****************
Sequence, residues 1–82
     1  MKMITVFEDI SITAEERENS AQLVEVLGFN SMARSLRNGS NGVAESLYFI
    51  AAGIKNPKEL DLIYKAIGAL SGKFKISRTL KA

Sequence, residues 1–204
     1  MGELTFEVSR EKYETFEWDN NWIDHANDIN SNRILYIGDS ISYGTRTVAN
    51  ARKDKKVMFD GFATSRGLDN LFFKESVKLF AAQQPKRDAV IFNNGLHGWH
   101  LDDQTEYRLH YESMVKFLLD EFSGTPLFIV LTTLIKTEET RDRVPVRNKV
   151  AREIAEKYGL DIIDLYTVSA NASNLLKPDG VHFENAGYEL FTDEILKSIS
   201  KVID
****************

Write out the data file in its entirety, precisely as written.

Sequence, residues 1–82
     1  MKMITVFEDI SITAEERENS AQLVEVLGFN SMARSLRNGS NGVAESLYFI
    51  AAGIKNPKEL DLIYKAIGAL SGKFKISRTL KA

Sequence, residues 1–204
     1  MGELTFEVSR EKYETFEWDN NWIDHANDIN SNRILYIGDS ISYGTRTVAN
    51  ARKDKKVMFD GFATSRGLDN LFFKESVKLF AAQQPKRDAV IFNNGLHGWH
   101  LDDQTEYRLH YESMVKFLLD EFSGTPLFIV LTTLIKTEET RDRVPVRNKV
   151  AREIAEKYGL DIIDLYTVSA NASNLLKPDG VHFENAGYEL FTDEILKSIS
   201  KVID